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(vo) the longest-lasting midsize sedan in its class. introducing the all-new subaru legacy. it's not just a sedan. it's a subaru. it is 18 minutes past the hour right now. we are supposedly 18 minutes into a humanitarian pause in israel and gaza with the fighting. however, at the top of the hour we did hear from wolf blitzer that there was still bombing and shelling going on. we do want to talk to robert. he brokered this 24-hour pause that hamas agreed to. there was a 12-hour pause that israel agreed to. hamas rejected it. there has been some sort of a turnaround. robert, thank you for being with us. >> yes. >> what can you tell us about why hamas did an about face so
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to speak and what are the terms of this 24-hour cease-fire? >> well, i have as you know i have been calling on the parties to extend a cease-fire, let's call at humanitarian pause for 24 hours, unconditional humanitarian pause. israel agreed to a 24 hours pause as of yesterday night. despite initial disruption, rocket fire, i was informed that hamas and other factions are now ready to accept the pause for the period of 24 hours starting 2:00 p.m. local time. that is already -- it is already after that time and we are in a situation that i have passed on this request coming from hamas directly to my contacts in the israeli government. and i am now awaiting also from israel. however, i'm extremely concerned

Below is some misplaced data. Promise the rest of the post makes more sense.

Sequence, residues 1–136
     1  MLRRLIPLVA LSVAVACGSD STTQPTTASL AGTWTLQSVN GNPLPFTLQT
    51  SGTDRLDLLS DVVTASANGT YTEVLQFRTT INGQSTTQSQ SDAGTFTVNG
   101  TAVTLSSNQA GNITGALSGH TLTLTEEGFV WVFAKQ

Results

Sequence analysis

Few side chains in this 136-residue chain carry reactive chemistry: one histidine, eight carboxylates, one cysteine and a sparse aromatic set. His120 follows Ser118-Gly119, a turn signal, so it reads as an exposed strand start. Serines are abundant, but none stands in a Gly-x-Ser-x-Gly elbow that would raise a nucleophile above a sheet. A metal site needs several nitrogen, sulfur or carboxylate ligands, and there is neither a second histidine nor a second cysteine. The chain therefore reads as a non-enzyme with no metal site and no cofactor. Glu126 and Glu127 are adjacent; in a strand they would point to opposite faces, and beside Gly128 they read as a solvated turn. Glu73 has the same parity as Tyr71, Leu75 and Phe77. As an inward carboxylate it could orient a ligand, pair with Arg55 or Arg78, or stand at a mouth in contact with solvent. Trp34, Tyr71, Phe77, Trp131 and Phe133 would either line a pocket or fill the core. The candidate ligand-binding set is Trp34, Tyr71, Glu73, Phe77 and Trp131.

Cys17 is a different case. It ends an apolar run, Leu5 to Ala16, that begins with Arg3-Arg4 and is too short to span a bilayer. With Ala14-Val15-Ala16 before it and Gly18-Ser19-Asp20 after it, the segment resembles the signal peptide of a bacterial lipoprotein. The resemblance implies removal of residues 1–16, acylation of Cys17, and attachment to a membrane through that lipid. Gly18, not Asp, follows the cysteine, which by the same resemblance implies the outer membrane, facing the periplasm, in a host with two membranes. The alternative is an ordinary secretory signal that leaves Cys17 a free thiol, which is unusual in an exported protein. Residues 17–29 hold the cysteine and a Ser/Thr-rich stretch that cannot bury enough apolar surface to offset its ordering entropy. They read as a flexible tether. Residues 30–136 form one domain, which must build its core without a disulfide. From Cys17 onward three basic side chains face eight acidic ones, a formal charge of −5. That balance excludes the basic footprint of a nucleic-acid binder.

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after 2:00, both rocket fire and of course also israeli operations are continuing. and i appeal on both sides to now show utmost restraint for this humanitarian pause to become effective i hope as soon as possible. this will allow civilians to resume their daily lives, both in israel and in gaza, you know in gaza there are urgent work still to be done in terms of recovering bodies and wounded. we all know that very important religious muslim holiday is upcoming, so i really make an appeal to both side not to miss maybe this last opportunity for calm. let me say one other thing. this would be another calm, and i hope still it can be achieved. but there can be no substitute for actually also talks for a
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more durable cease-fire that would also address some of the underlying issues of this conflict. we all know that the return to the previous is in fact no longer an option. but i really hope is that if we have another 24 hours, is that actually parties with the help of egypt and other parties including of course also secretary kerry, would also build on it and make progress toward a more durable cease-fire because we cannot go on like this. >> we know, bring in wolf blitzer there in jerusalem. woo saw in the statement from the hamas spokesperson they cited the beginning of this festival as part of their reason for accepting this 24-hour humanitarian pause as mr. serry calls it. are we hearing anything from the israelis? >> still no comment from the israelis. let me ask mr. serry, thanks